Biotech tools company CombiMatrix Corp. has filed to list its stock on the American Stock Exchange in a move to separate itself from parent Acacia Research Corp.
The filing explains CombiMatrix's decision last week to terminate its standby equity distribution from Cornell Capital Partners LP, which provided the company with access to as much as $50 million.
The equity financing commitment, signed in June, allowed Acacia to draw down funds as needed over 24 months, selling registered shares of its AR-CombiMatrix stock to Cornell at a 2.5 percent discount from market price.
Mukilteo, Wash.-based CombiMatrix has operated as a subsidiary of Acacia, of Newport Beach, Calif., since its founding in 1995. It intends to list its stock under the symbol "CBMX," the same one currently used by Acacia on the Nasdaq exchange to represent CombiMatrix's economic performance. Shares gained a penny on Wednesday to close at 81 cents.
Following the split from Acacia, CombiMatrix will have about 52.4 million shares outstanding, and the transaction is valued at the same amount, about $52.4 million.
In the prospectus filed with the SEC, CombiMatrix said its board voted in January to split from Acacia because the parent company's technologies group is significantly different from CombiMatrix's business.
The technologies group is in the business of acquiring, developing, licensing and enforcing patents owned by individual inventors and small companies, which, by its nature, puts CombiMatrix at a financial risk due to patent litigation activities.
CombiMatrix wants its independence to allow it to become a diversified biotech business that develops technologies, products and services for the drug development, genetic analysis, molecular diagnostics, nanotechnology research and defense and homeland security markets, among others.
In October, the company received $2 million through the 2007 Defense Appropriations Bill to continue development of microarray technologies to detect biological threat agents and infectious pathogens such as Eurasian Influenza A virus, bringing the total government grants received since March 2004 to $15 million.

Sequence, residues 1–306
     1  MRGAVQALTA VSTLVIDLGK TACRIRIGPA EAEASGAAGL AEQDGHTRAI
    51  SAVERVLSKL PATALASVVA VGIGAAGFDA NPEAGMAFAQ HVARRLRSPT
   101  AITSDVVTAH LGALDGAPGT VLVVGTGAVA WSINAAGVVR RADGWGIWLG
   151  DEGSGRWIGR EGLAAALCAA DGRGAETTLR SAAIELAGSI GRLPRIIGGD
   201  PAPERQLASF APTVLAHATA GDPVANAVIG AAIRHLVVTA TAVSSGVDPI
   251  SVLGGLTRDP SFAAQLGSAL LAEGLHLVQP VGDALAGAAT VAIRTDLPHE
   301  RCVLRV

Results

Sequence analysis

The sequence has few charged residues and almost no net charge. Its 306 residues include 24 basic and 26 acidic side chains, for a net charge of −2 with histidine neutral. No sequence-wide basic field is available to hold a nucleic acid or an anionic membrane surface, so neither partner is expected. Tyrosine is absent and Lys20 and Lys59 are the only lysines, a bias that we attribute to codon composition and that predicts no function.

The company has a platform technology that creates DNA compounds and other agents on a programmable semiconductor chip.
The technology can produce customizable arrays rapidly, which then can be used to identify and determine the roles of genes, gene mutations and proteins. It can be applied to everything from genomics, proteomics, biosensors, drug discovery and development to diagnostics, combinatorial chemistry, material sciences and nanotechnology.
The company believes its technology can help in the stratification of patients during clinical trials by finding genetic biomarkers or expression patterns characteristic of responders and nonresponders. If successful, its technology could knock down the time and costs needed to develop and commercialize a drug, which currently stands at up to 15 years and about $1.7 billion.
In addition to the platform technology, CombiMatrix has molecular synthesis and screening methods for discovering new drugs, and it has a minority ownership in Leuchemix Inc., of Woodside, Calif., which is working on compounds shown to be cytotoxic toward certain cancers.
CombiMatrix once consisted of two operating subsidiaries, CombiMatrix Molecular Diagnostics Inc. and CombiMatrix KK, but it sold 67 percent ownership in the latter Tokyo-based company to a third party in January. CombiMatrix Molecular Diagnostics, of Irvine, Calif., is leveraging the company's arrays in the field of molecular diagnostics, while the Japanese subsidiary is exploring opportunities for the array system within the Asian market.
The split with Acacia is being done under terms of a charter in which Acacia is able to redeem all of the outstanding shares of its Acacia Research-CombiMatrix common stock for an equal number of shares of the independent company's common stock. CombiMatrix does not need stockholder approval to do the split.
By becoming independent, CombiMatrix will take on all of its assets and liabilities and Acacia management will no longer be affiliated with the company. The split also entails a tax allocation agreement under which CombiMatrix will reimburse Acacia for all taxes owed by the group for the period prior to the split-off. The company expects the transaction to qualify as a tax-free reorganization.
As of Sept. 30, 2006, CombiMatrix had $8.76 million in cash, cash equivalents and short-term investments.